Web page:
Jocelyn Brooke

December 31, 2008

As a little end-of-year project, I’ve just launched, a site dedicated to the life and work of English writer Jocelyn Brooke (1908—1966). I’ve become somewhat obsessed with Brooke in the last few months, and have begun a small campaign to revive his reputation.

Brooke’s writing, which clusters in the decades around the Second World War, is unique in English letters. I’ve managed to amass an almost complete set of his books with a particular penchant for the Kafkaesque Image of a Drawn Sword and the angst-ridden The Scapegoat, and extending to his delightful botanical treatise The Flower in Season, and his extraordinary Surrealist work of 1956 The Crisis in Bulgaria, or, Ibsen to the Rescue! His semi-autobiographical novels are works of a rare quality, combining a deliberately Proustian longing for things past with a very English melancholy and sense of place, and a sensual quality that feels quite out of its time, and which is deeply rooted in his private and currently little known life. I can’t recommend them highly enough.

Brooke’s works are currently in a kind of limbo. I approached the agents for Brooke’s estate several months ago with a view to acquiring the rights to republish several of his works, as some of the lead titles of a new imprint launching later this year. Although I was initially informed the rights were available, it subsequently appeared that Faber, in the form of their ‘Finds’ POD imprint – who are already republishing Brooke’s Military Orchid trilogy – have expressed an interest in the other books as well.

While I’m pleased that anyone is interested in republishing these works, anyone who knows my opinion of Faber Finds won’t be surprised that I’m deeply opposed to this – and not for entirely selfish reasons. Faber Finds, while a great way to get little-known works back into print, does no promotion of the titles on its list, and there is no way that Brooke will find a new audience through this method. As time passes, it becomes harder and harder to revive a writer’s reputation, but it can be done: see the recent renaissances of B.S. Johnson and Julian Maclaren-Ross. For this to happen to Brooke, he needs to be republished properly, and promoted.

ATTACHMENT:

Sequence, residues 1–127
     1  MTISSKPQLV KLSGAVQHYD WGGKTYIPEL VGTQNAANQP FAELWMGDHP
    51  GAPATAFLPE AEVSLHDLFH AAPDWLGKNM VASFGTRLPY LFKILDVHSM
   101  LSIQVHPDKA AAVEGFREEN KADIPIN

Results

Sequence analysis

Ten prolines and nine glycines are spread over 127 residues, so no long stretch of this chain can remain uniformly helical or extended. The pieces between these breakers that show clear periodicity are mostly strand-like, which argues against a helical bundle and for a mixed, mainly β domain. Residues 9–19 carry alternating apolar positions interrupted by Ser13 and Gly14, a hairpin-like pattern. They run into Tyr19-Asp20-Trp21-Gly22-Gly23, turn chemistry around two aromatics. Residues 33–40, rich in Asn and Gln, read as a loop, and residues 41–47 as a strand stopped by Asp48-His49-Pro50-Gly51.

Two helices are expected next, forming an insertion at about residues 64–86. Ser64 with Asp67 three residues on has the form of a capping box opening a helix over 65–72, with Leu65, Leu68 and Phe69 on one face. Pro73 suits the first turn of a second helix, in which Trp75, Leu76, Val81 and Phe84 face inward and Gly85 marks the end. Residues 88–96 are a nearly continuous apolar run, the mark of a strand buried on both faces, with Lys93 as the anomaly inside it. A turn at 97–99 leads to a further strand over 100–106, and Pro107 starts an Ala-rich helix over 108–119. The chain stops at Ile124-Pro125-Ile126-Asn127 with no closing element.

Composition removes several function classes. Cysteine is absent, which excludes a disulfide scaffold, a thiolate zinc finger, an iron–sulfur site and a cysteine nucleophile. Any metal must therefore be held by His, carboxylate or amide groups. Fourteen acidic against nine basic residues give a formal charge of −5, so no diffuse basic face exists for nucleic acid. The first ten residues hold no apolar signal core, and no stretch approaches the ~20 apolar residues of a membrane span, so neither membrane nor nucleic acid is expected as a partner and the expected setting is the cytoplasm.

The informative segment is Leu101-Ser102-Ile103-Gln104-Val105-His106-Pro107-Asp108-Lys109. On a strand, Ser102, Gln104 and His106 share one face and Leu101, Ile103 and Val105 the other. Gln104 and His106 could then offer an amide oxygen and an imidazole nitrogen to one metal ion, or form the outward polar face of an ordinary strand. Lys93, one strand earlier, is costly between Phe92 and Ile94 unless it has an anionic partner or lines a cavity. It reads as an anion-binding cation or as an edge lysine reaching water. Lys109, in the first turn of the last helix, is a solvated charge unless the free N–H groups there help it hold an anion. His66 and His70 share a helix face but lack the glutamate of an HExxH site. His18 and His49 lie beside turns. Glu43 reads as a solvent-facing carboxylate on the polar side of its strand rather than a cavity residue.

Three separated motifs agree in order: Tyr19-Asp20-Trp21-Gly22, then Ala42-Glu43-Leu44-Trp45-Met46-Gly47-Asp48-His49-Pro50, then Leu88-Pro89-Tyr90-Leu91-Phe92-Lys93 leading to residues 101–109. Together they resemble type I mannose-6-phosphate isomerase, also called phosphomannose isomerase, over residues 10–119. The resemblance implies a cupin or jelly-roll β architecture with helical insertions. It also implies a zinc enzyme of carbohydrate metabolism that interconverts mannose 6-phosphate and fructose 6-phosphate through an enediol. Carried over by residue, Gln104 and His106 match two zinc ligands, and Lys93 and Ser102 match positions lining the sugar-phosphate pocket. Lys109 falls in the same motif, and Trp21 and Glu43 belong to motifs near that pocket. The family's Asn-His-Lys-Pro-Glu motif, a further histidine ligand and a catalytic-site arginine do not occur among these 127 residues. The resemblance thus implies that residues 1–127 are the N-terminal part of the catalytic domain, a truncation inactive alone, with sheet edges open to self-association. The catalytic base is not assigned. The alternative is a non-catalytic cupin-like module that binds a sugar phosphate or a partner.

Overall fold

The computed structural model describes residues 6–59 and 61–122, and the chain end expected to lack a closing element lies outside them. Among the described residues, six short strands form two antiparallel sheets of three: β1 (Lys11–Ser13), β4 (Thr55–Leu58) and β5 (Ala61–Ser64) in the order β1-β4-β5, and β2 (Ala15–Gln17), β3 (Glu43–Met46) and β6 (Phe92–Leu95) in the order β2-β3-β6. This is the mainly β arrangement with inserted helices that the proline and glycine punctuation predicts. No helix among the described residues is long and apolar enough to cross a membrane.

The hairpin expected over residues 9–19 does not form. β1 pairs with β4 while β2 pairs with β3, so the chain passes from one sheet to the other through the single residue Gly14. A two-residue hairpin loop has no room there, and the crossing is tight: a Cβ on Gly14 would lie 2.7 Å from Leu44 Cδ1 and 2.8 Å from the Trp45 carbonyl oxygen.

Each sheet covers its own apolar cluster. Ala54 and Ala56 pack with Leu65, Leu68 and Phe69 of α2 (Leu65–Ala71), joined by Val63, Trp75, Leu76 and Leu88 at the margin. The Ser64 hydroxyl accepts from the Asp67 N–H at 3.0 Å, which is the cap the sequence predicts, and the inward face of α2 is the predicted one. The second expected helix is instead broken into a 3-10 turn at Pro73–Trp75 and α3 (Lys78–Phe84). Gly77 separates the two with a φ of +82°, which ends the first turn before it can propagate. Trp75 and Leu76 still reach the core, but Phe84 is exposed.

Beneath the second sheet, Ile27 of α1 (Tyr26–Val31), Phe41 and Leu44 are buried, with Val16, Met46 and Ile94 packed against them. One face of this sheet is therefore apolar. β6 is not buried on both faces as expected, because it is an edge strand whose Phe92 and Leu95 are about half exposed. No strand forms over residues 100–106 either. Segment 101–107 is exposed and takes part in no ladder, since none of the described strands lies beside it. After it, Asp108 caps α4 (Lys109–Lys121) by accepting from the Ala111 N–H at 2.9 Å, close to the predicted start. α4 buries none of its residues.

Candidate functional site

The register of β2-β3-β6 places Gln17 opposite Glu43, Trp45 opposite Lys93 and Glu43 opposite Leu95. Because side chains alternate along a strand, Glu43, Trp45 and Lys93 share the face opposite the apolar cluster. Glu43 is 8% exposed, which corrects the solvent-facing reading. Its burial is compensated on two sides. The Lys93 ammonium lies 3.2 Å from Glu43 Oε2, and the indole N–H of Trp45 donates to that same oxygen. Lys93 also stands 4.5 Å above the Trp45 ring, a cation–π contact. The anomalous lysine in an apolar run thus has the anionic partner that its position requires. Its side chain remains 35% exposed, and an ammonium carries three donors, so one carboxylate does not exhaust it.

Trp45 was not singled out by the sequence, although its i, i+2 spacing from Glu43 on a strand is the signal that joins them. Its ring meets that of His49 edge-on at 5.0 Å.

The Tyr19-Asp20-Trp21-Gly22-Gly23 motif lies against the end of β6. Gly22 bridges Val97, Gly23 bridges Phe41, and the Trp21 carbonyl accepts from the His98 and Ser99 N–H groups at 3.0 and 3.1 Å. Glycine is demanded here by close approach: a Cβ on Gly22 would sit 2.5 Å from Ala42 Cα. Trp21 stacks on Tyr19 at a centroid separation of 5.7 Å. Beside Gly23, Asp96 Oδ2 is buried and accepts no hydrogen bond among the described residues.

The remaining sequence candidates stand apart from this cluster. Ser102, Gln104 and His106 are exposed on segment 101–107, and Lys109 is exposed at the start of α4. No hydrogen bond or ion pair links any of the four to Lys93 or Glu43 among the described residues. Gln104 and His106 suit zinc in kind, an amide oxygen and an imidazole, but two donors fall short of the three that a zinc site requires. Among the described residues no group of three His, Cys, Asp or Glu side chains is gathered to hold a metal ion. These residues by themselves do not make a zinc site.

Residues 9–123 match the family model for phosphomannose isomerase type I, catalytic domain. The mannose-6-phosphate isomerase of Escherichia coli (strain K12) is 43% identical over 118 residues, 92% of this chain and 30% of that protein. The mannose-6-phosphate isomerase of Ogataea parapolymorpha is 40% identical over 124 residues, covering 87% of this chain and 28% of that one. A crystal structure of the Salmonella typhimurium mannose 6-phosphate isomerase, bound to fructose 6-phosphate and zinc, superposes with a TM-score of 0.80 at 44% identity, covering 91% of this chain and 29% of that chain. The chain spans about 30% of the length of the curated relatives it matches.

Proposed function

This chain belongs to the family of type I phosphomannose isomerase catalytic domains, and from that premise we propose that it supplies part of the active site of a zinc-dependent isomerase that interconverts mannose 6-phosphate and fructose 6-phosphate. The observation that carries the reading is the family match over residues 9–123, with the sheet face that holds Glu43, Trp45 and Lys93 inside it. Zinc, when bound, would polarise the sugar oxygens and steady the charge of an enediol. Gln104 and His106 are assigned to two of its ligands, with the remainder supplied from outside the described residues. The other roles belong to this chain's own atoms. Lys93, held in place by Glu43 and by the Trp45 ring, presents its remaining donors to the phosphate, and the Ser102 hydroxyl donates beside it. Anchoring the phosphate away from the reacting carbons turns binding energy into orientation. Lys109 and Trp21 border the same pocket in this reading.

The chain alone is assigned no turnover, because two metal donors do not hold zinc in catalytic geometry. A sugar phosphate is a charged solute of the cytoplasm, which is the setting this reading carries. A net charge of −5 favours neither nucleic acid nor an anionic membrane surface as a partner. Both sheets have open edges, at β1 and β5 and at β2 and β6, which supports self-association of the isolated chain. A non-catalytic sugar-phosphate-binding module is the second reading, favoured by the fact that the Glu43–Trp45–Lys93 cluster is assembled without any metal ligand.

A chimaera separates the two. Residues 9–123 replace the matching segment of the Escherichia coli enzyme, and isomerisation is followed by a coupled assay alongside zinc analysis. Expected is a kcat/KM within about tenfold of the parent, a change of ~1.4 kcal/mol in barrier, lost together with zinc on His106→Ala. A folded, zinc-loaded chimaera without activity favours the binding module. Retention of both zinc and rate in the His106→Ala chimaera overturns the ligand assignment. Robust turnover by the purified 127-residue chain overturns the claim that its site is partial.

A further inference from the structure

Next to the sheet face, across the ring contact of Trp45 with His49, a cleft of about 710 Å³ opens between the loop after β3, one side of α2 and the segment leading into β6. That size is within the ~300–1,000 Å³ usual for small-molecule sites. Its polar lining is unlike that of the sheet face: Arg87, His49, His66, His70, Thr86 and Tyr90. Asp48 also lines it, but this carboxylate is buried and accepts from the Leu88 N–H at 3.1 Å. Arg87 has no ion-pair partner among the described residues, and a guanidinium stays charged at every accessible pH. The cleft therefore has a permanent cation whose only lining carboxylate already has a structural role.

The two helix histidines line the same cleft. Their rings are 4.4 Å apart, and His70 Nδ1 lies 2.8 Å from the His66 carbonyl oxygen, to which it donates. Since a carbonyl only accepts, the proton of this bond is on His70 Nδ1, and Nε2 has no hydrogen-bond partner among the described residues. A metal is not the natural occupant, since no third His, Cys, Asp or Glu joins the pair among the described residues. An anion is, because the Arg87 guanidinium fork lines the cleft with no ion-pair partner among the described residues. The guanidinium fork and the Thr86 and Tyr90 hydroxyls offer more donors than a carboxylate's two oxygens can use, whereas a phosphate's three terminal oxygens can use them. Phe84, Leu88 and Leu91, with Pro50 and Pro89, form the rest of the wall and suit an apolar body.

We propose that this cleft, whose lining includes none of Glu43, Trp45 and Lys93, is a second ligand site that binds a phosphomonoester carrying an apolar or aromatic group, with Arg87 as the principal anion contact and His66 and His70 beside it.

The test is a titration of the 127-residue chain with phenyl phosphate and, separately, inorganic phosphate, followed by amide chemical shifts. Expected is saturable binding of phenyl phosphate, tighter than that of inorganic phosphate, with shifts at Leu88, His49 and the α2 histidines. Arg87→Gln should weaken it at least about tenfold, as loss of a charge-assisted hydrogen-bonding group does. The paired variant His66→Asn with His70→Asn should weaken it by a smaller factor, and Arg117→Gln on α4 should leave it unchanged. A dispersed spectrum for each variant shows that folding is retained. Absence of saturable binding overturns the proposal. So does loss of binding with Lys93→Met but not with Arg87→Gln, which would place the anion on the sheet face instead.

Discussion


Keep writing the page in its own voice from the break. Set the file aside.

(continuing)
Conflicts between long-tail POD databases like Faber Finds and true classics republication are only going to increase, and Brooke’s agents are currently considering their position on POD and the way they license rights. I hope I get the opportunity to work with and increase the readership of Brooke’s outstanding work, and in the mean time I’ll crack on with

Happy New Year.


  1. Can you expand on Brooke’s “deliberately Proustian longing for things past”?

    I ask because Proust’s novel does not, as far as I can recall, express any particular longing for the past. It evokes the experience of regaining time past, time lost, yes, but is nothing to do with lush nostalgia. Perhaps I’m being picky because Proustian has long been pigeonholed, mainly because of the Shakespearian mistranslation of Moncrieff’s original title.

    Comment by steve — December 31, 2008 @ 6:44 pm

  2. A little picky I think – longing, in the sense of a strong persistent yearning for something unobtainable – not necessarily the past itself, but the experience and sensations of it – is a large part of Proust and Brooke for me. Perhaps another, more critical, term would be better, but hey, it’s New Year’s Eve.

    Comment by James Bridle — December 31, 2008 @ 6:55 pm

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